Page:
Cyber Warfare : United States decides hack back against China

United States announces open cyber war with China as a revenge for OPM and other hack attacks

According to a New York Times report published this Friday, the US administration of President Barack Obama has made a decision to retaliate against China for the alleged theft from the databases of the Office of Personnel Management (OPM) and the disclosure of personal information of over 20 million Americans from government databases.

The NYT report suggests that President Barack Obama has decided to retaliate against China, specifically due to the extent and nature of the OPM robbery. That said, the White House is still trying to find a way to retaliate against China without sparking the rapidly increasing cyber conflict.

The decision was made after the Obama administration deduced that the hacking attack on the OPM was so immense that the customary practices for dealing with traditional spying cases did not apply.

According to The Verge, the White House is torn between two options: a symbolic response like a diplomatic protest or the dismissal of known Chinese agents in the United States, to more significant actions like hacking back.

More important steps include retaliatory operations planned to steal or disclose information from Chinese entities which may be valuable to Beijing, to the public, in pretty much same way as the secret OPM files on government employees were to Washington, were leaked by OPM hackers.

The responses to the cyber attack from both the countries have made some officials involved in the internal debates fear an escalation of the hacking conflict between these countries.

For instance, legislators are urging for immediate action, according to The Hill. “The way you deal with a bully on the playground is to punch them in the face and put them on the ground because the only thing they respect is power,” former Arkansas Gov. Mike Huckabee said.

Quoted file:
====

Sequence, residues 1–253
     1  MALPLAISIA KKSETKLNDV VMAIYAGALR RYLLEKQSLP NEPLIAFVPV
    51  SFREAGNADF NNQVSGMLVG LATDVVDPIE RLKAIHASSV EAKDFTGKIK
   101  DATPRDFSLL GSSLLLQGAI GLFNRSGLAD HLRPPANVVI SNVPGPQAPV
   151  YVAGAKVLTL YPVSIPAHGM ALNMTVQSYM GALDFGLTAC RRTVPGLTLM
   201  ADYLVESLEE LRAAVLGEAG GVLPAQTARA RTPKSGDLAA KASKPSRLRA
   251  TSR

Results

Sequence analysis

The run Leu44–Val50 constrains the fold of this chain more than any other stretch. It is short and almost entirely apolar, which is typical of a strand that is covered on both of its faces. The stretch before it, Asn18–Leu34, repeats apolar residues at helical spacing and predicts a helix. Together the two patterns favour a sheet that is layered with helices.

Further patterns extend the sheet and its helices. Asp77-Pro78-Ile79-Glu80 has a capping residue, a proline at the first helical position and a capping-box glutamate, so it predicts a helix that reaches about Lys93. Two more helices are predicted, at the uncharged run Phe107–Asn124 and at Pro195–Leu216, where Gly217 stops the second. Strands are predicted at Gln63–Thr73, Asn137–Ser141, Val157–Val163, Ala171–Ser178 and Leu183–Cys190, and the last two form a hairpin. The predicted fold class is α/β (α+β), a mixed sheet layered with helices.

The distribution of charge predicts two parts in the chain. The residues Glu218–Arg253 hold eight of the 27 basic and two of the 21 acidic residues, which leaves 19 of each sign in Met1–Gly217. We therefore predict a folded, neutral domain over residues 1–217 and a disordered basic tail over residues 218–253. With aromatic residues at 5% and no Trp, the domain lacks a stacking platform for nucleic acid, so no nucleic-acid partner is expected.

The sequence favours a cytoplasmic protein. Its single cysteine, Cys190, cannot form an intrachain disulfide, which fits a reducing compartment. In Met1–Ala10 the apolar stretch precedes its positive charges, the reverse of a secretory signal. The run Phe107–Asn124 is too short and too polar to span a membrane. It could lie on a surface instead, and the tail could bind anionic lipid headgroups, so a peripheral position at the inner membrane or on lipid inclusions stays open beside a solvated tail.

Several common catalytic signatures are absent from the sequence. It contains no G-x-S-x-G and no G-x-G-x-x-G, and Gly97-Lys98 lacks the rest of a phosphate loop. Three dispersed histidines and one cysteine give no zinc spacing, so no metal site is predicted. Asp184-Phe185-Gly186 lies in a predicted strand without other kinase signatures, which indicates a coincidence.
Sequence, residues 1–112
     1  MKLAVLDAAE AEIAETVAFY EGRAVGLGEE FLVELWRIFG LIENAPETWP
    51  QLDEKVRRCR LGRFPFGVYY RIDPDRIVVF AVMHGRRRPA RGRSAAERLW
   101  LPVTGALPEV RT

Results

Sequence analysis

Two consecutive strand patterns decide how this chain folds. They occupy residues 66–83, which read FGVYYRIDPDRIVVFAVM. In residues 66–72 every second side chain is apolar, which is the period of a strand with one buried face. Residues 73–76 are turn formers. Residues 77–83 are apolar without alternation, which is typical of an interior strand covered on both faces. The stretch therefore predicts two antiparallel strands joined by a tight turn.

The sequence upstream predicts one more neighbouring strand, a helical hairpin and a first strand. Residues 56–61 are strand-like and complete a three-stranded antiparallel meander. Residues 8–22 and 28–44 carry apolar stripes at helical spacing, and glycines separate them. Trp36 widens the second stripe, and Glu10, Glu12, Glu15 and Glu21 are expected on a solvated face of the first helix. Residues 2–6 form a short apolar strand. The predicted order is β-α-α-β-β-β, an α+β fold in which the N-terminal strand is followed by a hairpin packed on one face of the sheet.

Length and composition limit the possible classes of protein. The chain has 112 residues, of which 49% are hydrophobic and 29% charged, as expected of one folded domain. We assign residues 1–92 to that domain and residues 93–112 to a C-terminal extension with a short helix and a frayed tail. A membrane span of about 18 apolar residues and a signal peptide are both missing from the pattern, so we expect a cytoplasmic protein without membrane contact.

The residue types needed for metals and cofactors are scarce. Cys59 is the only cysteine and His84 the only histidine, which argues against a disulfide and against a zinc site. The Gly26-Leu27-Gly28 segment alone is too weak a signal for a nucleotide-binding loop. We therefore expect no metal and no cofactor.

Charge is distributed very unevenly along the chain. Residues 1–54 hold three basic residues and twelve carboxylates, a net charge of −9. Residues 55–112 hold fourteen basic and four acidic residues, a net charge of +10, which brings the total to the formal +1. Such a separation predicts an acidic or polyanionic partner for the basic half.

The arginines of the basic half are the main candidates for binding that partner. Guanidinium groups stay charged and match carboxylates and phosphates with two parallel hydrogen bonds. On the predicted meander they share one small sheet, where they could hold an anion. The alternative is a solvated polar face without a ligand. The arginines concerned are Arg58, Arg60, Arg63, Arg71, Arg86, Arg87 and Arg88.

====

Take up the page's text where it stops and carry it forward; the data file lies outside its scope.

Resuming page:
This does not imply that a response is expected in the near future or by when would it be done. The White House would have to ascertain the negative aspect of any important, yet proportionate, retaliation is greater than the benefits, or would it lead to retaliation on individuals or American firms working in China. President Obama, clearly seeking maximum advantage, has asked his employees to come up with a more creative set of responses.

A senior administration official involved in the debate, who spoke on the condition of anonymity to discuss internal White House plans said “One of the conclusions we’ve reached is that we need to be a bit more public about our responses, and one reason is deterrence.”

“We need to disrupt and deter what our adversaries are doing in cyberspace, and that means you need a full range of tools to tailor a response,” the official added.

Legal action may be taken against Chinese individuals and organizations by the US Justice Department who are believed to be responsible for the data theft. For example, last year, five Chinese military officers were formally accused of stealing the intellectual property from American companies. However, many officials describe such punishment as symbolic only because none of them will be prosecuted and sentenced in the US.

Even though no official charges has been made by Washington against Beijing for carrying out the recent hacks including the OPM one, many of the private cyber security researchers and US officials have blamed the Chinese government for being behind the intrusions.

For years, the US has been charging the Chinese government and military of conducting computer-based attacks, including theft of information from federal agencies.

The hacking claims have been dispersed by China as “irresponsible and unscientific.”

Dismissing the cyber attack charges by Washington as deceitful, Beijing says the leaks from intelligence agencies have disclosed that the US itself is the most active executioner of cyber spying against foreign countries, especially against China.

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